Every now and then, you stumble across a comic that doesn’t just impress you, it impresses itself–that is, it leaves an imprint on your brain, making you lean back and say “whoah.” It happened to me with some of the early Superman books. Alan Moore can do it with pretty much anything he writes (looking at you, Miracleman), and Morrison did it with Seven Soldiers and Kill Your Boyfriend. There are others, but I want to be brief, because every word I say takes away from my new favorite comic hero:


Read that name again. And again. Now read it out loud. Has a weird sound, right? It’s like it’s on a different vibrational frequency as the rest of us. I doesn’t sound quite right, like it’s a bad transliteration. But it’s not–it’s the name of a two-issue series published by DC in 1968. Written by Joe Simon (of Captain America fame), it’s a bizarre mash-up of Frankenstein and the hippie subculture. But you don’t want to hear the Wikipedia article (it’s right here, though. You know, if you want to read it). No, you want to read the first issue. And that’s to ugh!, you can.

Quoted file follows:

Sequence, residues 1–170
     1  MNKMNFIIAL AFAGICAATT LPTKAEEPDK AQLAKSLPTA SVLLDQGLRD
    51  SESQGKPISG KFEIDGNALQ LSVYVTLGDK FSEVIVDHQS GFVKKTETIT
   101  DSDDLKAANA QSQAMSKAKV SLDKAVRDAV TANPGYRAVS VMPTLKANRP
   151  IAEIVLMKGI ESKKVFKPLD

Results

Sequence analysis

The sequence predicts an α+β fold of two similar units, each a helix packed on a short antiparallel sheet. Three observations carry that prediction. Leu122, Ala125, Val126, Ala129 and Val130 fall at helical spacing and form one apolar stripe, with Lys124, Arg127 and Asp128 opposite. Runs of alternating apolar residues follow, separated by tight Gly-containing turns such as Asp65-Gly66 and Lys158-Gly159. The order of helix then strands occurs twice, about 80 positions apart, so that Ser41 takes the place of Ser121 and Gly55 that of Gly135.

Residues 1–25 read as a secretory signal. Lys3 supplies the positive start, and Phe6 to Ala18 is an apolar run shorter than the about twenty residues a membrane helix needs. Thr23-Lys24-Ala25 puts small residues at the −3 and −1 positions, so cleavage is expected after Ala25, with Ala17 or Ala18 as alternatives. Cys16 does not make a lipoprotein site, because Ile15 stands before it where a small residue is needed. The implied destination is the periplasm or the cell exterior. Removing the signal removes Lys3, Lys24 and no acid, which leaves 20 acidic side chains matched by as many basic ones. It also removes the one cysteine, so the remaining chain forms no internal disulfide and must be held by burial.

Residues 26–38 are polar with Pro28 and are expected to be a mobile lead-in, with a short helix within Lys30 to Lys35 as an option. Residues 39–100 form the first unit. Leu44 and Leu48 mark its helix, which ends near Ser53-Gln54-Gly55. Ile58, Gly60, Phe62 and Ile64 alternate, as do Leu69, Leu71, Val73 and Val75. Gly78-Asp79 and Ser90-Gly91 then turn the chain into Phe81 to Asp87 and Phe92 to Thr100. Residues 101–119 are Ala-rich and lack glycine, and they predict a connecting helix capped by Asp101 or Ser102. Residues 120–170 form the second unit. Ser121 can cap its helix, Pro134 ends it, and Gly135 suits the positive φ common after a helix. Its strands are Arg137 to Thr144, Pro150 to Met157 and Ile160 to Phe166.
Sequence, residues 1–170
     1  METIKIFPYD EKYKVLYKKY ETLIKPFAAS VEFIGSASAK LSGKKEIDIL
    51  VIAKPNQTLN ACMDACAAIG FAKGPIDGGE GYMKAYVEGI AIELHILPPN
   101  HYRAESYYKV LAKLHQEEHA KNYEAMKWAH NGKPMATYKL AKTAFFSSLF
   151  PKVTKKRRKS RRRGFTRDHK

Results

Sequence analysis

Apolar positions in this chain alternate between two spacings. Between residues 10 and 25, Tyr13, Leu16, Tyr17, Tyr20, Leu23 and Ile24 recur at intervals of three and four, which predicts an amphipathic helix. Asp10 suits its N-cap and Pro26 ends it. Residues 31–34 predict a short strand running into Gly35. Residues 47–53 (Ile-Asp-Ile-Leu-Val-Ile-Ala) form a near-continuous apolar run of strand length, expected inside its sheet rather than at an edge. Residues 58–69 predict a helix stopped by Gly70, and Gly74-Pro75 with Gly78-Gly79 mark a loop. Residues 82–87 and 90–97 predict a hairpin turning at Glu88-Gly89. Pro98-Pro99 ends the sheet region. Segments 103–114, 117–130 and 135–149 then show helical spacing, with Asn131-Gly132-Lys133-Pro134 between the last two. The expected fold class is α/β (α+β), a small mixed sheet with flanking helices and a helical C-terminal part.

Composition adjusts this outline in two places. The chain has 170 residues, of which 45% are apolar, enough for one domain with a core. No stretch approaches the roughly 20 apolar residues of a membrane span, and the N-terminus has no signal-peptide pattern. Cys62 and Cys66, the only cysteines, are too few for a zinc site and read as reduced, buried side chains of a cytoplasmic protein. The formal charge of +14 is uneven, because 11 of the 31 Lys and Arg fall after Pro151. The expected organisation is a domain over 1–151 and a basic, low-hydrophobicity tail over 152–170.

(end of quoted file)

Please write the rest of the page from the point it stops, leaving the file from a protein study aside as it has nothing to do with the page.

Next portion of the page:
Click here for the entire first issue of Brother Power the Geek! Don’t ask, just read indeed.

Did you read it? Holy crap, right? Makes your brain buzz with the sheer vitality of it. I wish half the comics DC put out were half as good as this. Dial H is the only thing on the shelf trying for this level of weird, and China Mieville’s too busy tripping over himself trying to make Canada a believable threat to really deliver what we need.

This is what I want to write.

    • The Roommate
    • March 27th, 2013

    Haha that was incredible. “He was hardly more than a dummy! Yet he was almost the very most!” Is that how Hippies talked in 60′s? Or is that how comic book writers thought they talked? I also loved that someone “played” each major character.

  1. Haha that was awesome. “He was hardly more than a dummy! Yet, he was almost the most!” Is that really how hippies talked in the 60′s? Or is that just how Comic writers thought they talked? Also loved that each character was “played” by someone, in a comic book. As far as I know those aren’t famous people.

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